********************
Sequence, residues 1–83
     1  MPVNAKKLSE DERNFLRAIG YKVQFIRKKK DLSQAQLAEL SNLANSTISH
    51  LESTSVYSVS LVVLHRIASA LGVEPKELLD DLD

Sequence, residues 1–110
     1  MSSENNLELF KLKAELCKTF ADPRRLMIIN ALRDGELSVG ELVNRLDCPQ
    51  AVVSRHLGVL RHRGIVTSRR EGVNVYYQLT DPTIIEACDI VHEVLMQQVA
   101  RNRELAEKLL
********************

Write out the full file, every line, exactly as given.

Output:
Sequence, residues 1–83
     1  MPVNAKKLSE DERNFLRAIG YKVQFIRKKK DLSQAQLAEL SNLANSTISH
    51  LESTSVYSVS LVVLHRIASA LGVEPKELLD DLD

Sequence, residues 1–110
     1  MSSENNLELF KLKAELCKTF ADPRRLMIIN ALRDGELSVG ELVNRLDCPQ
    51  AVVSRHLGVL RHRGIVTSRR EGVNVYYQLT DPTIIEACDI VHEVLMQQVA
   101  RNRELAEKLL